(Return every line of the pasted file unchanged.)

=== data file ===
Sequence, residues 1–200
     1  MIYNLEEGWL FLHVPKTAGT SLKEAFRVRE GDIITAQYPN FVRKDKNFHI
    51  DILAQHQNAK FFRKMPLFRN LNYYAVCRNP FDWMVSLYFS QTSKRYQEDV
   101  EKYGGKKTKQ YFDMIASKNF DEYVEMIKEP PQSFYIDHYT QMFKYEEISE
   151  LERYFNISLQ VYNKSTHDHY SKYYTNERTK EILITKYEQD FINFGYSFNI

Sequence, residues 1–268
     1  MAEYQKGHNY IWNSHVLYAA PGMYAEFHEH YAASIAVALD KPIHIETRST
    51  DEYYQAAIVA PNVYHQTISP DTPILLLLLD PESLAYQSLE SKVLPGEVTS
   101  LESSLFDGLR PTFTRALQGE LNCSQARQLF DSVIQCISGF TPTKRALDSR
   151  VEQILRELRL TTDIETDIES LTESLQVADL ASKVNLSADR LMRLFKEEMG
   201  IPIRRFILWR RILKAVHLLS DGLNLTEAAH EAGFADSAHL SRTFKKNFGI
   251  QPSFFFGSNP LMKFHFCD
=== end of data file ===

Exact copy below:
Sequence, residues 1–200
     1  MIYNLEEGWL FLHVPKTAGT SLKEAFRVRE GDIITAQYPN FVRKDKNFHI
    51  DILAQHQNAK FFRKMPLFRN LNYYAVCRNP FDWMVSLYFS QTSKRYQEDV
   101  EKYGGKKTKQ YFDMIASKNF DEYVEMIKEP PQSFYIDHYT QMFKYEEISE
   151  LERYFNISLQ VYNKSTHDHY SKYYTNERTK EILITKYEQD FINFGYSFNI

Sequence, residues 1–268
     1  MAEYQKGHNY IWNSHVLYAA PGMYAEFHEH YAASIAVALD KPIHIETRST
    51  DEYYQAAIVA PNVYHQTISP DTPILLLLLD PESLAYQSLE SKVLPGEVTS
   101  LESSLFDGLR PTFTRALQGE LNCSQARQLF DSVIQCISGF TPTKRALDSR
   151  VEQILRELRL TTDIETDIES LTESLQVADL ASKVNLSADR LMRLFKEEMG
   201  IPIRRFILWR RILKAVHLLS DGLNLTEAAH EAGFADSAHL SRTFKKNFGI
   251  QPSFFFGSNP LMKFHFCD